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Preparing the Perfect Roast | Oak Barn Beef

February 16, 2024 1 Comment

Preparing the Perfect Roast | Oak Barn Beef

Preparing the perfect roast

The cold winter nights are settling in, bringing with them a certain longing for something equally as nostalgic as it is filling. There’s something inherently comforting about a perfectly cooked roast; it’s both hearty and satisfying while still being un-fussy and simple. If you’ve ever made a roast before, you know that there’s a fine line between preparing the perfect roast and serving a dried-out disaster. We’ve got tips to help you nail it every time. 

Choosing the right roast

A delicious roast begins with selecting the right cut of beef. Selecting a high-quality cut with plenty of fat marbling will ensure your roast is flavorful and moist. We know selecting a roast can be a little overwhelming, but we’ve got you covered! 

Arm roast

The arm roast comes from the shoulder area. This roast is tender and juicy, but often on the smaller side. Because it is one of the more tender roasts, it requires less cooking time. 

Chuck roast

The chuck roast comes from the upper shoulder/lower neck area. It is a fattier cut of beef, packing terrific flavor. It tends to be a bit tougher than arm roast, but when cooked properly, it can be delightfully tender.  

Rump roast

The rump comes from the hindquarters. Flavorful and lean, the rump roast falls somewhere between the arm and chuck roasts in terms of tenderness.

Sirloin tip roast

The sirloin tip roast (sometimes referred to as round tip roast), comes from the hindquarters, right next to the sirloin. This is another lean cut of meat, and although it has great flavor, it can be tough if it’s cooked too quickly.

Cooking the roast

Cooking a roast isn’t difficult, but it does require frequent checking. No matter which cut of beef you’ve selected, following these tried-and-true steps will result in a delicious roast.

Bring it to room temperature

If your roast is frozen, you’ll want to thaw it completely. Thawing time depends upon the size of your roast, so it’s best to plan ahead. Generally, a full day of thawing in the refrigerator is required for a roast up to five pounds. An hour before cooking, remove the roast from the refrigerator to bring it to room temperature. Bringing the roast to room temperature before cooking will allow for even cooking.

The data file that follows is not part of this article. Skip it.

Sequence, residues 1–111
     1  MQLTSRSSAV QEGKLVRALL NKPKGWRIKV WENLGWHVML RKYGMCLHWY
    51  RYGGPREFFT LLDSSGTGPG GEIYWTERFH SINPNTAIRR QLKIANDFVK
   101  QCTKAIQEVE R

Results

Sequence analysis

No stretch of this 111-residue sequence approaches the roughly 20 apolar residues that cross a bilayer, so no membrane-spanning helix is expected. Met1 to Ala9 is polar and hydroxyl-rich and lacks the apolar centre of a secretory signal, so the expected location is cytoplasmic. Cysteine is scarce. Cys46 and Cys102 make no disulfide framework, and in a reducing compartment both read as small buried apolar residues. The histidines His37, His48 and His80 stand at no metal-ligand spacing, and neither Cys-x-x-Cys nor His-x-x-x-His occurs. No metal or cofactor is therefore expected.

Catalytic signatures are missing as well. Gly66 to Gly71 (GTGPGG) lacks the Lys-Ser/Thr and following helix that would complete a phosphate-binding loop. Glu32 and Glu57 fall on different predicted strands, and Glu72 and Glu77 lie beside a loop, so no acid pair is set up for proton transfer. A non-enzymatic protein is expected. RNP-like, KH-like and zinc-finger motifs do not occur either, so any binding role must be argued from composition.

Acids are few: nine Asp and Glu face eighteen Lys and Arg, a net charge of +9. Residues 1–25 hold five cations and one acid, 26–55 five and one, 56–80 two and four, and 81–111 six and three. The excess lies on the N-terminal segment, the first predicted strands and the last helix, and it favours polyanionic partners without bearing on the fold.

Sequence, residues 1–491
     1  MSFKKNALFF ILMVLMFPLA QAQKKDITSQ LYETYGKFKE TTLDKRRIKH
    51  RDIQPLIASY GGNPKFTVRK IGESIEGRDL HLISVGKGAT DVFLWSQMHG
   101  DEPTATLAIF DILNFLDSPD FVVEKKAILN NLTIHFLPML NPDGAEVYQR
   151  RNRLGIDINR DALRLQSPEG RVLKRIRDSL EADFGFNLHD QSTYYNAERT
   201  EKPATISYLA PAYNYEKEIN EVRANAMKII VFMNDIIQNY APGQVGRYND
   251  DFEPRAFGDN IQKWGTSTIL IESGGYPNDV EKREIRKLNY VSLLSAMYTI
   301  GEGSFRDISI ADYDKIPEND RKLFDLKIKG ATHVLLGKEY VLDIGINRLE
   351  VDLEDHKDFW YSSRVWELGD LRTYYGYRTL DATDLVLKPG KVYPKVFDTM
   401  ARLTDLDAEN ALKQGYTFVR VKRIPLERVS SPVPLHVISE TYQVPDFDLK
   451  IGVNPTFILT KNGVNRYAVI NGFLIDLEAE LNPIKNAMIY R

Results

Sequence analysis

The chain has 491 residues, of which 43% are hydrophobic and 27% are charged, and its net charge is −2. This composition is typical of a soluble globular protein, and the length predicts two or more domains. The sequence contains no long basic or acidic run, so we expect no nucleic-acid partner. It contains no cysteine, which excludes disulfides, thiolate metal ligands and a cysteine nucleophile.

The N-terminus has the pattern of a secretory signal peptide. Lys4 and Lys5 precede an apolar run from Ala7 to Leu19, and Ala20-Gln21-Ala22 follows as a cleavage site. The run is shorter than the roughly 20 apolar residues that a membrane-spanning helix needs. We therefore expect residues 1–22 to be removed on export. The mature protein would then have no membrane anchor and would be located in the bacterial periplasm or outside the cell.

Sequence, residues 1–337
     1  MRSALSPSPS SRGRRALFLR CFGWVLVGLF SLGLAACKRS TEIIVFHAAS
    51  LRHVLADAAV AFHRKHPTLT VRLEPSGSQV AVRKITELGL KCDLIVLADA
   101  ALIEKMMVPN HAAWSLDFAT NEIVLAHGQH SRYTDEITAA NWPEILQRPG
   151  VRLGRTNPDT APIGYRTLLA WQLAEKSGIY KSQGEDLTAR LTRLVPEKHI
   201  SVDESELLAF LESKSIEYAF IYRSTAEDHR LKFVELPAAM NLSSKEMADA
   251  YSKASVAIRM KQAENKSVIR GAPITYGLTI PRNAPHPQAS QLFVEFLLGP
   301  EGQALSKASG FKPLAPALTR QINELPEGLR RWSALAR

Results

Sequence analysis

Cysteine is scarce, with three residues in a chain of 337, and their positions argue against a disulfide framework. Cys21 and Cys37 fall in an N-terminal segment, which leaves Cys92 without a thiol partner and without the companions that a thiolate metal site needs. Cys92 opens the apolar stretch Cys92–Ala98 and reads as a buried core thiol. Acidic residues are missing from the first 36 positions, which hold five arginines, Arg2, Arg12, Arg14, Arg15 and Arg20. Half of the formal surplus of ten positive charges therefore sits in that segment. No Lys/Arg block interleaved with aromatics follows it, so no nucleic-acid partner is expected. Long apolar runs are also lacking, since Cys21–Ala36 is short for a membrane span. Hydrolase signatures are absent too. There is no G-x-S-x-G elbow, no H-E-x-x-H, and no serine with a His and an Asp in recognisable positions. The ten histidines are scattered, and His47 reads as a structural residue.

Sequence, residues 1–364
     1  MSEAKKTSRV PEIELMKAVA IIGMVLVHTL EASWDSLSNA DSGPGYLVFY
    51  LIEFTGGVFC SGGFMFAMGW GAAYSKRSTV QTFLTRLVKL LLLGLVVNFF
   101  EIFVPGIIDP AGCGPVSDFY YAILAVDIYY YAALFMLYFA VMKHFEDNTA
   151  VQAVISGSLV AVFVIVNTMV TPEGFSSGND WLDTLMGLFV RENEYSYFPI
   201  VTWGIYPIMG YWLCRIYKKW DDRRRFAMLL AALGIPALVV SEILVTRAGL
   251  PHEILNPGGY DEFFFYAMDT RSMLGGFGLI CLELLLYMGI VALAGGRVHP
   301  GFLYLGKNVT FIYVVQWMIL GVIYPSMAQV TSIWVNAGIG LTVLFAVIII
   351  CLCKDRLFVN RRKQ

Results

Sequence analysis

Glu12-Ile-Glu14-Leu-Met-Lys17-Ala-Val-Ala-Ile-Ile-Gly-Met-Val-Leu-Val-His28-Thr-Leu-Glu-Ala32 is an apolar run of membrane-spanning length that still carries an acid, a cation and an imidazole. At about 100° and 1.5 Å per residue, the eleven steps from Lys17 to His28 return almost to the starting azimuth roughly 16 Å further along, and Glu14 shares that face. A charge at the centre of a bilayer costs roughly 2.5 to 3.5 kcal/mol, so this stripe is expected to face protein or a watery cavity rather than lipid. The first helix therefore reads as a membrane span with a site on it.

Seasoning the roast

Aside from starting with a high-quality cut of beef, the seasoning is the next most important part. A great roast tastes good on its own, but with the right mix of spices, the flavor really comes to life. There are plenty of rubs and mixes on the market, but it’s not hard to do on your own! Plus, mixing up your own seasoning is a great way to personalize the flavor. The beauty of the roast is that it is such a receptive canvas to whatever you want to add. You can keep it nostalgic and traditional with the classics: salt, pepper, rosemary, thyme, garlic, and perhaps a bit of oregano. If you’re craving something a little outside of the box, you could try adding a dash of cinnamon, marinating with brewed coffee, or rubbing with brown sugar.

Sear in the flavor

Before your roast hits the oven, sear all sides of it in a hot pan to create a caramelized crust. Don’t skip this step! This is how you lock in the juices and create a rich flavor.

Roast it low and slow

The key to a juicy, tender roast is patience. Once it goes into the oven, the goal is to cook it low and slow. For a three-pound roast, set your oven to 300 degrees and plan to let it cook, covered, for at least three hours. If your roast is larger than three pounds, 40-60 minutes per additional pound. Don’t set it and forget it, though! To avoid overcooking, you’ll want to check the internal temperature regularly.

For all of our medium-rare steak lovers out there, we know it can be tempting to cook your roast to an internal temperature of 145 degrees and then call it quits, but we want to encourage you to keep going! A higher internal temperature allows the collagen to break down, bringing the tougher cuts of beef to the more tender side of the scale. This breakdown happens at around 190 degrees.


Once your roast has reached the desired internal temperature, you’ll need to let it rest. This allows the meat to reabsorb its juices, so don’t skip this step! As tempting as that roast might smell, wait to cut into it for 15-20 minutes.

Preparing a tender, mouth-watering roast is truly a labor of love. While it’s not difficult, it’s also not quick. There’s nothing about the process that should be rushed. If you take the time to do it right, don’t be surprised to be dishing up seconds (or thirds)!

(We should also add that roasts aren’t just for wintertime! When you’re ready to take your roasting skills outside, check out our recipe for grilled roast here!)

To learn more about our family-owned beef operation, you can visit us at or stop in and see us at 706 S. Lincoln St. in West Point, Nebraska.

1 Response

Linda Meyet
Linda Meyet

February 22, 2024

At Christmas my husband cook a sirloin roast and put fresh cranberries on top. It was so good. We’ve also put canned cranberries on another one too just not the jellied cranberry sauce.

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